Someone needs to put the Fightin’ Texas Aggie Band on a bus, drive it to Midland, and have it march through the main dining room of the Petroleum Club to wake everybody up. Oil prices have reached heights unseen since 2014. Not only that, but pumping crude has been transformed in the public eye, practically overnight, from a climate scourge to an act of patriotism in the wake of the Russian invasion of Ukraine. “We have the ability, and frankly an obligation, to support our global allies to help fuel democracy and energy security,” Ed Longanecker, president of the Texas Independent Producers and Royalty Owners Association, told me this week.
Yet the Texas oil business slumbers. After President Biden, on Tuesday, announced a ban on importing Russian oil into the U.S., prices topped $123 a barrel, before falling back to $107 as of this morning. And the industry’s response? The number of drilling rigs grinding into the ground in search of hydrocarbons in both West Texas and South Texas has declined by a couple.
This isn’t to say that Texas’s oil output won’t rise in the coming months, especially if the oil and gas crisis unleashed by the war in Ukraine intensifies and the industry’s role as a geopolitical asset grows. We just shouldn’t be surprised by the subdued response. It’s not a bug, it’s a feature of the new energy economy.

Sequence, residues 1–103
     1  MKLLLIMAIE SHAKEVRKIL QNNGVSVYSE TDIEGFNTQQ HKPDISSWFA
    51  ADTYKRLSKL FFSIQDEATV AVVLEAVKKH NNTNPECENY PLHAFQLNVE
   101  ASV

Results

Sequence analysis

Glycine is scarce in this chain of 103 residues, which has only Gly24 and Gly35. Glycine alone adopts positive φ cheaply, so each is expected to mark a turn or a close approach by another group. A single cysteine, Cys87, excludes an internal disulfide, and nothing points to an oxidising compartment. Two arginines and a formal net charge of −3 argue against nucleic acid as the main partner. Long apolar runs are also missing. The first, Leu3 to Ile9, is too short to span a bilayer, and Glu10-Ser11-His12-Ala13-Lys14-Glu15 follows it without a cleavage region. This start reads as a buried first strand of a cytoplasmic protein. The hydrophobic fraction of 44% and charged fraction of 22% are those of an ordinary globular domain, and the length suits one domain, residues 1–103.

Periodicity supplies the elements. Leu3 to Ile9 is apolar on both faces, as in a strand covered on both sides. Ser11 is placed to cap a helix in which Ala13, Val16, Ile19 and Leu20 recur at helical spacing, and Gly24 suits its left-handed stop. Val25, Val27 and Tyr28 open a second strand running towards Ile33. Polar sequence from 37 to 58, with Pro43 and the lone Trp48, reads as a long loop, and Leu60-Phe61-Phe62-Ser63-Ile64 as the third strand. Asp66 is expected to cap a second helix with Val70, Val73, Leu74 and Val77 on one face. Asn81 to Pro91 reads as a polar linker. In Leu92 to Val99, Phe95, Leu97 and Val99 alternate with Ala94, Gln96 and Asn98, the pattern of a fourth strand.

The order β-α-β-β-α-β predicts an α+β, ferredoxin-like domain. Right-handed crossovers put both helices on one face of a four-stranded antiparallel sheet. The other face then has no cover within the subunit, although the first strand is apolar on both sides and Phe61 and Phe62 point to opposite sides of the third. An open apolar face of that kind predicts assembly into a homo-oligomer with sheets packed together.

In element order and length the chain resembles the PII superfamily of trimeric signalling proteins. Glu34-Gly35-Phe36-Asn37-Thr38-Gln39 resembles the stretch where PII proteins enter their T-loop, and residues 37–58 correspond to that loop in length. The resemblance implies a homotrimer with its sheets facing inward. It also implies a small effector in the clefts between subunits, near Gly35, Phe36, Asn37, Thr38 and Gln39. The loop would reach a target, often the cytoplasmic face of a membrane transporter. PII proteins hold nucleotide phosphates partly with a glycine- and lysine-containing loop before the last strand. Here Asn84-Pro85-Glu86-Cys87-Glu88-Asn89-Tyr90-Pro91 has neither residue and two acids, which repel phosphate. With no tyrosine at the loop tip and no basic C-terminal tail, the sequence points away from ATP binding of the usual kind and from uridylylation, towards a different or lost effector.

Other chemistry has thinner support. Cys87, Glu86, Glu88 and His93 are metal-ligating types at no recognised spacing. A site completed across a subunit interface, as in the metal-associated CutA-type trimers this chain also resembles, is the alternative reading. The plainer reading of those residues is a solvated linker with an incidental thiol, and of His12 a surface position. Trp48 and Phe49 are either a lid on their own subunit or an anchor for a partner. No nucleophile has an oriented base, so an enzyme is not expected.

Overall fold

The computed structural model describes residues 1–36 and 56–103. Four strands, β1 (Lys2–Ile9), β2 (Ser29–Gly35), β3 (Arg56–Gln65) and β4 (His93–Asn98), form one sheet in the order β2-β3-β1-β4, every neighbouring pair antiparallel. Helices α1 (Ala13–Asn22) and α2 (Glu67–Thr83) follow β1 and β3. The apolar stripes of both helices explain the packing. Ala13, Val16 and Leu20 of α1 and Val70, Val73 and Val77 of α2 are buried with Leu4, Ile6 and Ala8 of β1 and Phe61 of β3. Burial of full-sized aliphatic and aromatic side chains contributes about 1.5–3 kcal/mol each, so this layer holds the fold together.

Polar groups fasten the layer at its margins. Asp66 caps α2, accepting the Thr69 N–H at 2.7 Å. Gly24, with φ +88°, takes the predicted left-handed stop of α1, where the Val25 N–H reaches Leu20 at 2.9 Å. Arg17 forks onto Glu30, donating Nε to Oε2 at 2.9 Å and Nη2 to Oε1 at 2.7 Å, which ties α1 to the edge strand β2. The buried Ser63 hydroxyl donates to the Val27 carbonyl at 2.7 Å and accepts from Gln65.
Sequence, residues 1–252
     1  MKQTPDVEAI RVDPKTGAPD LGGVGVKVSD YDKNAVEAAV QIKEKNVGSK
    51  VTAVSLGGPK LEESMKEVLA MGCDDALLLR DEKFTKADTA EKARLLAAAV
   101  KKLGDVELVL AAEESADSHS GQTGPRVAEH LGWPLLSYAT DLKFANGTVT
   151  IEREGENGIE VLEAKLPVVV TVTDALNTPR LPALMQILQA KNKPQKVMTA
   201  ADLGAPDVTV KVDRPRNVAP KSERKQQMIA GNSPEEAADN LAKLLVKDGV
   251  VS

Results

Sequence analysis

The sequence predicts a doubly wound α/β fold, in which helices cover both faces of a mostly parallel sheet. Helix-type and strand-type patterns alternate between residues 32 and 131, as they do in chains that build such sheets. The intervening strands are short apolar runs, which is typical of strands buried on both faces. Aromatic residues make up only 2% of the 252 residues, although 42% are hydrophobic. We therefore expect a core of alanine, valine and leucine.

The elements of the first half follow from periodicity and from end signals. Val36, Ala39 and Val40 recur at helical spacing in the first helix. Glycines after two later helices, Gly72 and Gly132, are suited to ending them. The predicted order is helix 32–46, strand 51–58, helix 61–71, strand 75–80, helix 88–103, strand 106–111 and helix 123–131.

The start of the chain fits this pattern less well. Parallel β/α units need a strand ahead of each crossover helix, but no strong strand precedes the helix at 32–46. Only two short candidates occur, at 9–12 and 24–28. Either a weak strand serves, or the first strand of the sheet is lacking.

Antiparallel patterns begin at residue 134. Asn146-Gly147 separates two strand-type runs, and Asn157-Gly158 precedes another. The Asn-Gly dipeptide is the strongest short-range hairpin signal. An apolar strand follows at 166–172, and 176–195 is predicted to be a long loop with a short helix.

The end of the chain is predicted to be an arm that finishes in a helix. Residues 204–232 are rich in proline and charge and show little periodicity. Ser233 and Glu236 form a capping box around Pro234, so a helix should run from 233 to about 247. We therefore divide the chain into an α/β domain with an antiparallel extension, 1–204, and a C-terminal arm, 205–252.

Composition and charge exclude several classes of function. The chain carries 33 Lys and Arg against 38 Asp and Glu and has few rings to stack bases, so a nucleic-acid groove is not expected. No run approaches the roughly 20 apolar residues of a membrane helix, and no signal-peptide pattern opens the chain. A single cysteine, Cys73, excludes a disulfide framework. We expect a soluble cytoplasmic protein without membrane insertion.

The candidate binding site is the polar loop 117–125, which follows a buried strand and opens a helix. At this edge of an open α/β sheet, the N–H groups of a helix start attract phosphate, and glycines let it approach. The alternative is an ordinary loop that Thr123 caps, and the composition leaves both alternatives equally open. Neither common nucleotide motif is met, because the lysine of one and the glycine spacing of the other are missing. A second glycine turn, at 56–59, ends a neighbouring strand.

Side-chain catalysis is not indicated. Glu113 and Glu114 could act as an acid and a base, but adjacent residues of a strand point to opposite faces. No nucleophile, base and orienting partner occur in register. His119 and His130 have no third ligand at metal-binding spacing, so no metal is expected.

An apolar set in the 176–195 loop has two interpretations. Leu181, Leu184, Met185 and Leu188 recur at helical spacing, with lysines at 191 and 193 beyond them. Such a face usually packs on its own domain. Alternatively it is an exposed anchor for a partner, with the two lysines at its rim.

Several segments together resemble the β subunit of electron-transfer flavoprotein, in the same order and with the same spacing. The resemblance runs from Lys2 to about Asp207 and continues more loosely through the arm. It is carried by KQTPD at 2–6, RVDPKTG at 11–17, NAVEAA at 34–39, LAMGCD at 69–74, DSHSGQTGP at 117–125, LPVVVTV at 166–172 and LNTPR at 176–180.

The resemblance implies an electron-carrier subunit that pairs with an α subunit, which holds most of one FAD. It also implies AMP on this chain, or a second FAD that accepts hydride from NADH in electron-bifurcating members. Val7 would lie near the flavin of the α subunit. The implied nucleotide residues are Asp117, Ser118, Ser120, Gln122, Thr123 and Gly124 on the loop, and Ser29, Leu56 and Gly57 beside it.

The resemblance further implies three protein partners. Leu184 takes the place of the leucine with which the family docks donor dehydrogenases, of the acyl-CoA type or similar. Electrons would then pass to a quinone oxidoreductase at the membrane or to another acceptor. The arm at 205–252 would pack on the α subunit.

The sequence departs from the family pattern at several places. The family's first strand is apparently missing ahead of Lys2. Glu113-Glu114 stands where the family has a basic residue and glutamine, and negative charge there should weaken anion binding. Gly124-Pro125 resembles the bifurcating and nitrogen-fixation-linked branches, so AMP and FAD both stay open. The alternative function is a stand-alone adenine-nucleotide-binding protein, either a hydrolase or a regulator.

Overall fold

For the past few years, the oil industry in Texas has been browbeaten by investors. Wall Street got fed up. No longer did it support piling on debt and outspending cash flow to prioritize double-digit annual increases in production whenever oil prices were high. Investors had learned time and again that an inevitable drop would burn up shareholder value. The new mantras for oil companies are “be sustainable” and “live within your means.” If they make extra money because oil prices are high, give it back to investors.